Believe it or not, yes, there are a few coffee roasts that don’t taste bitter at all. However, it takes a lot of time and effort to produce them, and they tend to be more expensive than the typical coffee roast. This is mainly because non-bitter coffee comes from independent specialty coffee roasters.
Typical coffee roasters take the easiest and often cheapest route to produce their coffee to quickly produce their product and maximize their profits. On the other hand, independent coffee roasters put painstaking detail and enormous effort into their brew. They spend hours extracting flavors from the beans and making their coffee as flavorful and aromatic as possible.
You can do a quick google search on finding specialty coffee brewers in your area or online. You can also refer to this list to find some of the best coffee brands that make non-bitter or significantly less bitter varieties of coffee. The best specialty coffee brewers in the United States include:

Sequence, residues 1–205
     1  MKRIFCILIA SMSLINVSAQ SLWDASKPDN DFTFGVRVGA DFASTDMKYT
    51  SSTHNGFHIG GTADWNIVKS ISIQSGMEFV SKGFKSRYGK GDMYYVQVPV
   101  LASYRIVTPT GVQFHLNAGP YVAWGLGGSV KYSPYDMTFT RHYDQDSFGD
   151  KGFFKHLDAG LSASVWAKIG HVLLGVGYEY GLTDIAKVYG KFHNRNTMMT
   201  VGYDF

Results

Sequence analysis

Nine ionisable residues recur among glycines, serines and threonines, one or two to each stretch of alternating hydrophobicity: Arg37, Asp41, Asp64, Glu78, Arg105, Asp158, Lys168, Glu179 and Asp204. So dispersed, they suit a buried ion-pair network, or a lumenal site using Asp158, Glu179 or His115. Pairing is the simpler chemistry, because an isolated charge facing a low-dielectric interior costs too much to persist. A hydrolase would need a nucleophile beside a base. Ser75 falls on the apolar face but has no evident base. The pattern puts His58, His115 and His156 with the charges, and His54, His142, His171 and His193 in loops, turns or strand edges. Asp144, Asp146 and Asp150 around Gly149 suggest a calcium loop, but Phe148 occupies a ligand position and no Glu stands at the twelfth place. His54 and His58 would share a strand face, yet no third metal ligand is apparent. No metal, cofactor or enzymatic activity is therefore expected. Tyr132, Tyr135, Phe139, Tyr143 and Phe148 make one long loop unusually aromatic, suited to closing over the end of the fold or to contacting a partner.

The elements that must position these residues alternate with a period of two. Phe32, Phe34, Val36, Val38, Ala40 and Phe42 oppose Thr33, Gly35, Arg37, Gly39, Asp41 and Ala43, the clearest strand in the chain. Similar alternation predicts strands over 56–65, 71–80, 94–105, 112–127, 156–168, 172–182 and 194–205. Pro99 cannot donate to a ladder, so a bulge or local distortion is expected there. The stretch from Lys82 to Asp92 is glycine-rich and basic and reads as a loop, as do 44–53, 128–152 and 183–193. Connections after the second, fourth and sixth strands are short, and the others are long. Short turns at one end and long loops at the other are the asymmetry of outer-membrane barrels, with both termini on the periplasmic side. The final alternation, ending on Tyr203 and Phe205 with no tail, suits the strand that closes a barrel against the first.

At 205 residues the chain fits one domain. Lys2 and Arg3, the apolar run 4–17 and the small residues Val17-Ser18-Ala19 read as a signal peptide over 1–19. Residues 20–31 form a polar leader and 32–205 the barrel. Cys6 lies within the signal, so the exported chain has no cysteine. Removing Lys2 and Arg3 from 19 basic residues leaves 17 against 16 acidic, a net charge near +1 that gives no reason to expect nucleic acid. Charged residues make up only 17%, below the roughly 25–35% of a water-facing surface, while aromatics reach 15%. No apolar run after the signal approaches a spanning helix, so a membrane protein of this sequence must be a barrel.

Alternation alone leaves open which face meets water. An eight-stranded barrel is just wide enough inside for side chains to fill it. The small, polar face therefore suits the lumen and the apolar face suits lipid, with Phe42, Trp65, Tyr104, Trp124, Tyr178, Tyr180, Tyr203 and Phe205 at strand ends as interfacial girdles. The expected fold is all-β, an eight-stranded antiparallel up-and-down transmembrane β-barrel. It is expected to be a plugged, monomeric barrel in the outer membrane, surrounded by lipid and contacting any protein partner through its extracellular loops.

Finding a non-bitter coffee brew is difficult, but not impossible. The main thing to be aware of is the price. While regular coffee is usually about 5-10 dollars a bag, specialty made coffee can cost up to $20. But if you absolutely cannot stand bitter coffee, then the price is definitely worth it.
Final Thoughts – How To Make Coffee Less Bitter
To conclude, there are many methods to make coffee less bitter. In my opinion, the best and easiest way to make coffee less bitter is by using filtered (or bottled) waters like Evian, which have little mineral content. Less-bitter tasting plus healthier too!
If you are looking for a more natural method, then try brewing your own with water that has been boiled and cooled. This will not only make the coffee less bitter, but it can eliminate some of those bad tastes like chlorinated tap-water too!